Ch11 Hacking Wireless Networks


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Ch11 Hacking Wireless Networks

  1. 1. Hands-On Ethical Hacking and Network Defense Chapter 11 Hacking Wireless Networks Last revised 10-30-08 5 pm
  2. 2. Objectives <ul><li>Explain wireless technology </li></ul><ul><li>Describe wireless networking standards </li></ul><ul><li>Describe the process of authentication </li></ul><ul><li>Describe wardriving </li></ul><ul><li>Describe wireless hacking and tools used by hackers and security professionals </li></ul>
  3. 3. Understanding Wireless Technology <ul><li>For a wireless network to function, you must have the right hardware and software </li></ul><ul><li>Wireless technology is part of our lives </li></ul><ul><ul><li>Baby monitors </li></ul></ul><ul><ul><li>Cell and cordless phones </li></ul></ul><ul><ul><li>Pagers </li></ul></ul><ul><ul><li>GPS </li></ul></ul><ul><ul><li>Remote controls </li></ul></ul><ul><ul><li>Garage door openers </li></ul></ul><ul><ul><li>Two-way radios </li></ul></ul><ul><ul><li>Wireless PDAs </li></ul></ul>
  4. 4. Components of a Wireless Network <ul><li>A wireless network has only three basic components </li></ul><ul><ul><li>Access Point (AP) </li></ul></ul><ul><ul><li>Wireless network interface card (WNIC) </li></ul></ul><ul><ul><li>Ethernet cable </li></ul></ul>
  5. 5. Access Points <ul><li>An access point (AP) is a transceiver that connects to an Ethernet cable </li></ul><ul><ul><li>It bridges the wireless network with the wired network </li></ul></ul><ul><ul><ul><li>Not all wireless networks connect to a wired network </li></ul></ul></ul><ul><ul><li>Most companies have Wireless LANs (WLANs) that connect to their wired network topology </li></ul></ul>
  6. 6. Access Points <ul><li>The AP is where channels are configured </li></ul><ul><li>An AP enables users to connect to a LAN using wireless technology </li></ul><ul><ul><li>An AP is available only within a defined area </li></ul></ul>
  7. 7. Service Set Identifiers (SSIDs) <ul><li>Name used to identify the wireless local area network (WLAN) </li></ul><ul><li>The SSID is configured on the AP </li></ul><ul><ul><li>Unique 1- to 32-character alphanumeric name </li></ul></ul><ul><ul><li>Name is case sensitive </li></ul></ul><ul><li>Wireless computers need to configure the SSID before connecting to a wireless network </li></ul>
  8. 8. Service Set Identifiers (SSIDs) <ul><li>SSID is transmitted with each packet </li></ul><ul><ul><li>Identifies which network the packet belongs </li></ul></ul><ul><li>The AP usually broadcasts the SSID </li></ul>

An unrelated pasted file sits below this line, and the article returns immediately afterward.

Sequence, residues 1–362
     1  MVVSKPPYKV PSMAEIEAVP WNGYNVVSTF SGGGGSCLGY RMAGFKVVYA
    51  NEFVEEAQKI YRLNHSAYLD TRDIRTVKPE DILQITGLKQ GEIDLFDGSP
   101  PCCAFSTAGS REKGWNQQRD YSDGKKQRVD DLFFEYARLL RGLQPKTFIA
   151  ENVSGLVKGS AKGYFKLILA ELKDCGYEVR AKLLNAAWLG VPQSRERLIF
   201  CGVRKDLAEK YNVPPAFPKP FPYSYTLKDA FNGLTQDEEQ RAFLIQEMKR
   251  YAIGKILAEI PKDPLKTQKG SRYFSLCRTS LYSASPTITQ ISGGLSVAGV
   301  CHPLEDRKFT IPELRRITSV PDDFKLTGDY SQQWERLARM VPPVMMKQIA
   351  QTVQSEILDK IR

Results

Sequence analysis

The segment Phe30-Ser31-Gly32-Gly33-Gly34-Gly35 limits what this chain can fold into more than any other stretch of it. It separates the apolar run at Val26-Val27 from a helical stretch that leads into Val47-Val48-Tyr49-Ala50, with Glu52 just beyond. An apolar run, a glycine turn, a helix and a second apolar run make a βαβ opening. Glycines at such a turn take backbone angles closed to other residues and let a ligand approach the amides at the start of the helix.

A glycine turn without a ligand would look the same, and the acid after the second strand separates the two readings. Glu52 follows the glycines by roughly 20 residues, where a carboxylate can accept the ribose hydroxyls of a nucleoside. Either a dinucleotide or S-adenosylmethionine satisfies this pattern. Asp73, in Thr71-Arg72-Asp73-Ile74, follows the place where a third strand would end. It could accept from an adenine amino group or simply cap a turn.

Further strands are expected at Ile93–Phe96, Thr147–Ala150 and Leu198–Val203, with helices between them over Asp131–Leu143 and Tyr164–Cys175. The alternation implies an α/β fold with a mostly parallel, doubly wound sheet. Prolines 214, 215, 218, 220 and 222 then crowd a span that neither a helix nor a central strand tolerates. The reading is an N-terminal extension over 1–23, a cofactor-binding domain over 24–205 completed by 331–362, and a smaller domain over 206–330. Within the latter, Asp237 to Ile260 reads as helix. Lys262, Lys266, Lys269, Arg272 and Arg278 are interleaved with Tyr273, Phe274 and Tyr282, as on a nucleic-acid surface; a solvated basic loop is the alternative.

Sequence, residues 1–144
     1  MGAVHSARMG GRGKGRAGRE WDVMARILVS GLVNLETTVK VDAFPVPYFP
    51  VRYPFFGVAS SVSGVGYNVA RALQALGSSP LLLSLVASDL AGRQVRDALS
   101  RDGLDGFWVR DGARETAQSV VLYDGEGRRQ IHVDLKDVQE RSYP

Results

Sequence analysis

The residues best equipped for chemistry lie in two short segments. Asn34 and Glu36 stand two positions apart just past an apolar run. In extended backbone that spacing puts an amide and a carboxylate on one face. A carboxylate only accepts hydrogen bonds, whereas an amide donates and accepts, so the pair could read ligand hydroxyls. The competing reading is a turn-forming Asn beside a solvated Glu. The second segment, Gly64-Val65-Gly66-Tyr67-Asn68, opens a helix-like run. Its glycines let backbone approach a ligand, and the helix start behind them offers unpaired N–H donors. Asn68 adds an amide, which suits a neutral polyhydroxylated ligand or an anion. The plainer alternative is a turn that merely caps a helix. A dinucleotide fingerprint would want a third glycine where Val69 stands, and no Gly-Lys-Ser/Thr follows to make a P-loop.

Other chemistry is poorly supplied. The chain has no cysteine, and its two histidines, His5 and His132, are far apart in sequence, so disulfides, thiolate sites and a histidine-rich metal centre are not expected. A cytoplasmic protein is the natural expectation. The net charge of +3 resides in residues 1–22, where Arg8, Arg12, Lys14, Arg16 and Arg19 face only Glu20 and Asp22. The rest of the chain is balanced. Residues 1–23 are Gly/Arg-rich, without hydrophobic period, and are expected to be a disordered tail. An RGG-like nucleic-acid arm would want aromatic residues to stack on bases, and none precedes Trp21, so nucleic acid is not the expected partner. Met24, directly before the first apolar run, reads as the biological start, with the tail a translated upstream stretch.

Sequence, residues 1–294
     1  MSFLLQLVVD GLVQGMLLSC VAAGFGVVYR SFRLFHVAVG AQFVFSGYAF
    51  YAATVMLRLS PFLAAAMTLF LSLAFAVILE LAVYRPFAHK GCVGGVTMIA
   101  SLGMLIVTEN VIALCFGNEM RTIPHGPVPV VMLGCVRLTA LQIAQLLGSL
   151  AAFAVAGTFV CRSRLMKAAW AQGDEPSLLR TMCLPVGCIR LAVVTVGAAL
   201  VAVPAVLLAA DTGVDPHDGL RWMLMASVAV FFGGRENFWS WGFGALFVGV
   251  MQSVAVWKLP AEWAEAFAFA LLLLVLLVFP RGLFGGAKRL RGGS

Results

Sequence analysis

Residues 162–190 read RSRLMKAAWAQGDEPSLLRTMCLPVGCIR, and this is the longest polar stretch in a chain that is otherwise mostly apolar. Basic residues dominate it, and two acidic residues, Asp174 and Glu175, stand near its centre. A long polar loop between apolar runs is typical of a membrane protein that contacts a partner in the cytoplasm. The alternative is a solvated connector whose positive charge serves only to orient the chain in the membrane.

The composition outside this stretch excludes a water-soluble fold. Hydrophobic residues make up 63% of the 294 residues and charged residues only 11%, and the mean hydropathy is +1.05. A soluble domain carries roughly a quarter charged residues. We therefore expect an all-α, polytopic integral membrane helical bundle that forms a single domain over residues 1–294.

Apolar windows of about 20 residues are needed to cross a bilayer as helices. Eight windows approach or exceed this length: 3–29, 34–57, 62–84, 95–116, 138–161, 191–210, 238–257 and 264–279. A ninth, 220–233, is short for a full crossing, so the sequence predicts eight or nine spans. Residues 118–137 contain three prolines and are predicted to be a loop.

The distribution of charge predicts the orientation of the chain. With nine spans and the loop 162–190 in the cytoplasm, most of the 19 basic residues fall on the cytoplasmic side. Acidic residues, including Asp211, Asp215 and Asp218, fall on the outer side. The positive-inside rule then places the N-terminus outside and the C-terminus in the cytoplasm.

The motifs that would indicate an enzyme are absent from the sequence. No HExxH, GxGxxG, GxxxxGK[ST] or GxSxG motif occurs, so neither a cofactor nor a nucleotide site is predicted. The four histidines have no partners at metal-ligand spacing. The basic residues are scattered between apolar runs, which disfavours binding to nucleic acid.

9. 9. Service Set Identifiers (SSIDs) <ul><li>Many vendors have SSIDs set to a default value that companies never change </li></ul><ul><li>An AP can be configured to not broadcast its SSID until after authentication </li></ul><ul><ul><li>Wireless hackers can attempt to guess the SSID </li></ul></ul><ul><li>Verify that your clients or customers are not using a default SSID </li></ul>
  10. 10. <ul><li>See links Ch 11a, b </li></ul>
  11. 11. Configuring an Access Point <ul><li>Configuring an AP varies depending on the hardware </li></ul><ul><ul><li>Most devices allow access through any Web browser </li></ul></ul><ul><ul><li>Enter IP address on your Web browser and provide your user logon name and password </li></ul></ul>
  12. 12. Wireless Router <ul><li>A wireless router includes an access point, a router, and a switch </li></ul>
  13. 13. Demo: Configuring an Access Point <ul><li>Wireless Configuration Options </li></ul><ul><ul><li>SSID </li></ul></ul><ul><ul><li>Wired Equivalent Privacy (WEP) encryption </li></ul></ul><ul><ul><li>Changing Admin Password </li></ul></ul>
  14. 14. Configuring an Access Point <ul><li>Wireless Configuration Options </li></ul><ul><ul><li>SSID </li></ul></ul><ul><ul><li>Wired Equivalent Privacy (WEP) encryption </li></ul></ul><ul><ul><li>WPA (WiFi Protected Access ) is better </li></ul></ul>
  15. 15. Configuring an Access Point (continued) <ul><li>Steps for configuring a D-Link wireless router (continued) </li></ul><ul><ul><li>Turn off SSID broadcast </li></ul></ul><ul><ul><li>You should also change your SSID </li></ul></ul>
  16. 17. Wireless NICs <ul><li>For wireless technology to work, each node or computer must have a wireless NIC </li></ul><ul><li>NIC’s main function </li></ul><ul><ul><li>Converting the radio waves it receives into digital signals the computer understands </li></ul></ul>
  17. 18. Wireless NICs <ul><li>There are many wireless NICs on the market </li></ul><ul><ul><li>Choose yours depending on how you plan to use it </li></ul></ul><ul><ul><li>Some tools require certain specific brands of NICs </li></ul></ul>
  18. 19. Understanding Wireless Network Standards <ul><li>A standard is a set of rules formulated by an organization </li></ul><ul><li>Institute of Electrical and Electronics Engineers (IEEE) </li></ul><ul><ul><li>Defines several standards for wireless networks </li></ul></ul>
  19. 20. IEEE: CCSF Student Chapter <ul><li>Next meeting: </li></ul><ul><ul><li>Thurs, Nov 6, 2008 in Sci 37, 5:00 pm </li></ul></ul><ul><li>Email [email_address] for more info </li></ul>
  20. 21. IEEE Standards <ul><li>Standards pass through these groups: </li></ul><ul><ul><li>Working group (WG) </li></ul></ul><ul><ul><li>Sponsor Executive Committee (SEC) </li></ul></ul><ul><ul><li>Standards Review Committee (RevCom) </li></ul></ul><ul><ul><li>IEEE Standards Board </li></ul></ul><ul><li>IEEE Project 802 </li></ul><ul><ul><li>LAN and WAN standards </li></ul></ul>